Witches, Pagans and Saints an excuse for a good party
23/07/2010 - One advantage about living in Spain is that there are a numbers of â€œfiestaâ€ days, meaning long weekends and a few, much welcomed, extra days off work.
Although most of these holidays are ostensible religious occasions and observed by the pious, they often have hidden, less godly origins â€“ the best known examples in the Christian calendar being Christmas which replaced the pagan Yule, Easter which incorporated ancient fertility rites and All Saintâ€™s Day which is mixed with the deep superstitions of Halloween.
This practice, called syncretism, was not borne from a liberal desire to respect existing beliefs but, instead, from a pragmatic and necessary strategy for a proselyte religion.
In times gone by, as they conquered the globe and especially pagan Europe, the early Christians, then laterally the Catholic Church, quickly realised it was impossible to completely eradicate the inherent beliefs of new, mostly reluctant, coverts.
To make Christianity more relevant to existing cultures, indigenous beliefs were adopted, adapted, borrowed and blended into the Christian dogma, resulting in the hybrid Pagan/ Christian festivals we know and love throughout Europe today - and which often allow us a longed for, extra day off work.
In Gran Canaria, as in much of Europe, weâ€™ve just celebrated the Night of Saint John.
Commemorating the birthday of St. John the Baptist and/or celebrating Summer Solstice thousands of revellers jumped over the many bonfires which burned on beaches around the island supposedly to ward off witches. Others threw fruit and flowers into the sea - as offerings to the deities.
And lots of people also got drunk - many on evil spirits, one supposes â€“ so weâ€™re not sure how that one fits in.
And just in case youâ€™re visiting Anfi this summer, here we have some other summer fiestas to look forward to:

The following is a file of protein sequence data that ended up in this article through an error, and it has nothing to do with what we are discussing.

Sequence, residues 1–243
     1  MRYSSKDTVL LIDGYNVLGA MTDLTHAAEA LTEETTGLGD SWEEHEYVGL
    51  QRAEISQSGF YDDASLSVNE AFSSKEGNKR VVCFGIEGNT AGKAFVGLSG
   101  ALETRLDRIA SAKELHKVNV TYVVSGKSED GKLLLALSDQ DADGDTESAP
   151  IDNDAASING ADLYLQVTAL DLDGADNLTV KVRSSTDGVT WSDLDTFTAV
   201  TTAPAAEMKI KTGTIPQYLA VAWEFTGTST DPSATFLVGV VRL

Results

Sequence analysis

July: Fiestas del Carmen:
In early July, festivities in honour of the Virgin del Carmen, the patron saint of sailors are held in fishing villages around the island, including Arguineguin, the village next to Anfi. A regatta of colourful boats, a touching religious procession and street parties make this a great day out.
August 4th: Bajada de la Rama (Bringing of the Brach):
Reminiscent of aboriginal rituals when natives climbed to dizzying high mountain forests, bringing branches down to beat the surface of the sea to encourage rain - today, thousands of modern day revellers gather on the beaches of this coastal town and do a bit of sea beating themselves in reverence of their ancestors. There is also a procession were the patron saint of the town â€œLa Virgen de las Nievesâ€ (The Virgin of the Snow) is carried to the sanctuary. They also, of course drink a lot of rum and have a great time dancing to local rhythm bands.
September 8th: â€œFiestas del Pinoâ€ (Celebration of the Virgin of the Pines)
This is Gran Canariaâ€™s largest festival in the honour of the Our Lady of the Pines â€“ the islandâ€™s patron saint. While, many villages around the island celebrate this saint, the main festivities are centred in the mountain village of Teror, where thousands of pilgrims gather from all over the island after marathon marches of penance and petitions.
September 11th Fiesta del Charco (Party of the Pond): Aldea de San Nicolas
This is a unique fiesta were locals relive ancient traditions when the islandâ€™s first people caught fish in the large coastal pond at the mouth of a ravine by drugging them with the sap of local plants. Nowadays thousands of partygoers jostle to plunge themselves into the pond in hope of the catching some stoned sea creature for their supper.
For more information on these and other events check out the Gran Canarian Tourist Board website:http://www.grancanaria.com/patronato_turismo/283.0.html